Educating Reflective Practitioners in Large Classrooms

Joana Geraldi, Christian Thuesen

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Projects abound in society, and turned from an ‘accidental profession’ to an attractive career path (Pinto & Kharbanda, 1995). In this line, engineers and engineering students are increasingly recognizing the criticality of project management to their own profession. The consequence is that we need to educate an increasing number of students in project management. At the Technical University of Denmark (DTU) - one of the leading engineering universities in Scandinavia - the number of students taking our courses has increased organically from 150 to over 300 in the last 5 years - a number that is believed to grow even further in the coming years. We thus face the challenge of educating an increasing number of students. One alternative is a focus on traditional learning methods, multiple-choice exams, and a deterministic learning path. However, such tactic is unlikely to develop the reflective practitioner that are required in practice, as seminally argued by Schön (Schön, 1983, 1987), and also applied and argued to project management specifically (Crawford, Morris, Thomas, & Winter, 2006). This hands-on section will describe and analyze our experience – successes and failures – our program to change education of project engineers at DTU with the vision to educate large number of students and enable them to reflect and experience how to DO projects, as oppose to teaching normative tools and techniques. This hands-on section will facilitate discussion about practices to encourage the development of reflective practitioners in large classrooms. It will do so by creating a context for you to experience being a student in a large classroom, and hence being detached from the ‘actual author of the work’. Akin blended learning strategies, you will watch an introductory video, and you will do individual and group exercises, discussing your experiences and this experience of being detached from the ‘teachers’. The discussion will be facilitated by another person (instead of the authors), which will act like a ‘teaching assistant’, as students experience in large classrooms. We will instruct this other person, but will not be there in the discussions itself. We then join by the end of the discussion, when we will close the session sharing our practices and experiences in dealing with large classrooms. Our program included thirteen mini-projects with implementation of peer grade, blended learning, modularization of education, ISO21500 certification, project games, development of flexible teaching material, embeddedness of project management throughout student practices, connection to societal and global challenges, industry advisory board, and the development of a Project Laboratory. Our work makes two key contributions. First, it points to some pragmatic struggles directly from the classroom, when attempting to reach out to large number of students, while not compromising on a practice approach to projects, and still carrying out an active research career. Second, it positions the relevance of a holistic and systemic view on university education of project managers to engineers.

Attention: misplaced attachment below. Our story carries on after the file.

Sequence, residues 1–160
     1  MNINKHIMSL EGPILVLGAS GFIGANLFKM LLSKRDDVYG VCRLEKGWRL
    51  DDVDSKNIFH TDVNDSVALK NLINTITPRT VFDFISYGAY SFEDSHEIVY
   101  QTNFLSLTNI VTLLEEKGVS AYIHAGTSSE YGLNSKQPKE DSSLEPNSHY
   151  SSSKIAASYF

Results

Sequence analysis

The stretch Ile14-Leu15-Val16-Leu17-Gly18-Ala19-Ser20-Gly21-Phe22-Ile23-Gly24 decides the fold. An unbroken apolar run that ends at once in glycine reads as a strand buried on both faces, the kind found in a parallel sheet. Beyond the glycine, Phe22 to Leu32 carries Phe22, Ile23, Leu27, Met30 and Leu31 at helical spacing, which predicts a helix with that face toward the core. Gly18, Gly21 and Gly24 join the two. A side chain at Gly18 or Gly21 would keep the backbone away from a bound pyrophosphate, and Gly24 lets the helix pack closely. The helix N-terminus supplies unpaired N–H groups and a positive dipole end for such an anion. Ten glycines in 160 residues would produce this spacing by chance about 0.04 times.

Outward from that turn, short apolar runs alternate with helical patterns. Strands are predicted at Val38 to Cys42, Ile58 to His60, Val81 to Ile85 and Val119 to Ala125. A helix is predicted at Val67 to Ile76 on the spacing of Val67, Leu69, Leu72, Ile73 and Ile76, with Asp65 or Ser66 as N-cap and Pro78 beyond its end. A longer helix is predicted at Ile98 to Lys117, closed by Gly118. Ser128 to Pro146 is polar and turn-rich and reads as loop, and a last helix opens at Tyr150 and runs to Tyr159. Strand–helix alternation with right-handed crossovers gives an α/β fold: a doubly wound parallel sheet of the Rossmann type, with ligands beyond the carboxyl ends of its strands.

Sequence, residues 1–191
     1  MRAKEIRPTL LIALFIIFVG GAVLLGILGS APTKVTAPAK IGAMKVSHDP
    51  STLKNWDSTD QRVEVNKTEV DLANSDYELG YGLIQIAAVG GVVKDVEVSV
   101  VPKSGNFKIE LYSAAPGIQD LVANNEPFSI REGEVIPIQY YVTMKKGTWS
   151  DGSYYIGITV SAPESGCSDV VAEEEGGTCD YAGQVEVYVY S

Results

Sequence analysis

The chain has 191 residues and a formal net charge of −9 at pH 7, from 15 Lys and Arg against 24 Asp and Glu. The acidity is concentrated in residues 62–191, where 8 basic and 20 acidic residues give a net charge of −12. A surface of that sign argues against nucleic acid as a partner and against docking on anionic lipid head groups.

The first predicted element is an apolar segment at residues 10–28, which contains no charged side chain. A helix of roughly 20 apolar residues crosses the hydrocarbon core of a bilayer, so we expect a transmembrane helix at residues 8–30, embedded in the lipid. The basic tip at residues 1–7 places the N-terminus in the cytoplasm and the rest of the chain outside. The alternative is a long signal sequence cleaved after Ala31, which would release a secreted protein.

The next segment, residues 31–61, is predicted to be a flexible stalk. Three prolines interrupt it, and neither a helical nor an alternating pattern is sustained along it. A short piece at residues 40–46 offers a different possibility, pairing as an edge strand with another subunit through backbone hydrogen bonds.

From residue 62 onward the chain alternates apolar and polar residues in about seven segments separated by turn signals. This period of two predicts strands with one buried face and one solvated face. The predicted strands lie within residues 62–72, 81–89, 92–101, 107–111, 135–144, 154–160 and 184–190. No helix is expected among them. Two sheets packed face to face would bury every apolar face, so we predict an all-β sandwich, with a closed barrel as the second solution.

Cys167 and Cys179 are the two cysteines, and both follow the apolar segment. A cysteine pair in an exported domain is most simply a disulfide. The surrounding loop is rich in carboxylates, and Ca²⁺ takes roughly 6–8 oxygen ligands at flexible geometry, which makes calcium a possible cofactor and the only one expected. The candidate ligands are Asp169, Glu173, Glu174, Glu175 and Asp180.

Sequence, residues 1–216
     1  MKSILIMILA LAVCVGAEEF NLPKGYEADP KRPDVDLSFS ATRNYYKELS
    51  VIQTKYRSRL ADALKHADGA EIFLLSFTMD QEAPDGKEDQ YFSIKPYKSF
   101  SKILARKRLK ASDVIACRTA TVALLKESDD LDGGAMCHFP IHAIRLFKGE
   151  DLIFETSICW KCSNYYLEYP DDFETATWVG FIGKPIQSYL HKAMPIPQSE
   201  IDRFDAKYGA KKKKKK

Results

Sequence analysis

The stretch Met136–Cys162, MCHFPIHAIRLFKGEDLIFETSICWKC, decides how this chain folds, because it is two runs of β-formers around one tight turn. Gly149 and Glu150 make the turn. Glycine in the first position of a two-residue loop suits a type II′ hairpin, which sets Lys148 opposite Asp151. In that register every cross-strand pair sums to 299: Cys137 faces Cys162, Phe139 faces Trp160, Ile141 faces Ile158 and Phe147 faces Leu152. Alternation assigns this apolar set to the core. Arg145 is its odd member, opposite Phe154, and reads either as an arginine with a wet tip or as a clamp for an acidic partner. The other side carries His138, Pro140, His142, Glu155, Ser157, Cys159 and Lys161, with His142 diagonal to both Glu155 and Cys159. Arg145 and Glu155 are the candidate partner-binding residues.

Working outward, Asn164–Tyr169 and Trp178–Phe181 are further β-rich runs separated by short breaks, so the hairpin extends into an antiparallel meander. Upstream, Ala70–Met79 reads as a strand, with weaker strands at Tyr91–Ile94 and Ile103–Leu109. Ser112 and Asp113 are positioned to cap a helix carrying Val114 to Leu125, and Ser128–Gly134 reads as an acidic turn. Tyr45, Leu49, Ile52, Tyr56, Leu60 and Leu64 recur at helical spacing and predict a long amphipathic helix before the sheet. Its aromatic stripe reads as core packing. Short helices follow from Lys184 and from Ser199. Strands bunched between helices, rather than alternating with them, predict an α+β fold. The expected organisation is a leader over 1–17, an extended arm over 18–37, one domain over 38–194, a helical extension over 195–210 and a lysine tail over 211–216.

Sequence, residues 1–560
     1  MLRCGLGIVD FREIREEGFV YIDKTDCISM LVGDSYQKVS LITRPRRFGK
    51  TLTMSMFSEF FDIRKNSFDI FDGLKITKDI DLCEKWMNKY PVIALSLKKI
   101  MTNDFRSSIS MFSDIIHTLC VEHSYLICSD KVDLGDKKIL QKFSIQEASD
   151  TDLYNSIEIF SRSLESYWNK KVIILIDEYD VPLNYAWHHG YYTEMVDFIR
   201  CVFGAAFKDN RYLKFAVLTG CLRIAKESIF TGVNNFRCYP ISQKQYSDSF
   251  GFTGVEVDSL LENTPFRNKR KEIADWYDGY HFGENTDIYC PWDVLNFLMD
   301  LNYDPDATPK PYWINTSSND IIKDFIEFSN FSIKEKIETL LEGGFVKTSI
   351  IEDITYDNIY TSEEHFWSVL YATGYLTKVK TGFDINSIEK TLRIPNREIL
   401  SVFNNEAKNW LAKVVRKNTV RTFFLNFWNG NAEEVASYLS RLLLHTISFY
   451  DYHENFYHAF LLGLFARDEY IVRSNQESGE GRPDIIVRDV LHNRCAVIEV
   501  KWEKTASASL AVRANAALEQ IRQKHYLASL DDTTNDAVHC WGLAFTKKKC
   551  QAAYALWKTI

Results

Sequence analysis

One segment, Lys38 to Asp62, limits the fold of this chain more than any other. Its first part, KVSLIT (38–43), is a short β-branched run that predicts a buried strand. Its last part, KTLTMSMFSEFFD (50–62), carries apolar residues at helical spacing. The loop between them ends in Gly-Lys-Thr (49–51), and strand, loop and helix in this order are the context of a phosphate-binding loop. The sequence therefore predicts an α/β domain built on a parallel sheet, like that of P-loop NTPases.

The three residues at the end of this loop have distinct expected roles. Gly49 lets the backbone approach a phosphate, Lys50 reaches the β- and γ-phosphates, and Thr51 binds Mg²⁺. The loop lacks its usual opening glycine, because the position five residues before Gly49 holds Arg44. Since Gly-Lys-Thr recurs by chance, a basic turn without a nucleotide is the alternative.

Original languageEnglish
Publication date2018
Number of pages2
Publication statusPublished - 2018
Externally publishedYes
EventETALEE 2017: Exploring Teaching for Active Learning in Engineering Education 2017 - Videnbyen, Odense, Denmark
Duration: 23 May 201724 May 2017


ConferenceETALEE 2017
Internet address

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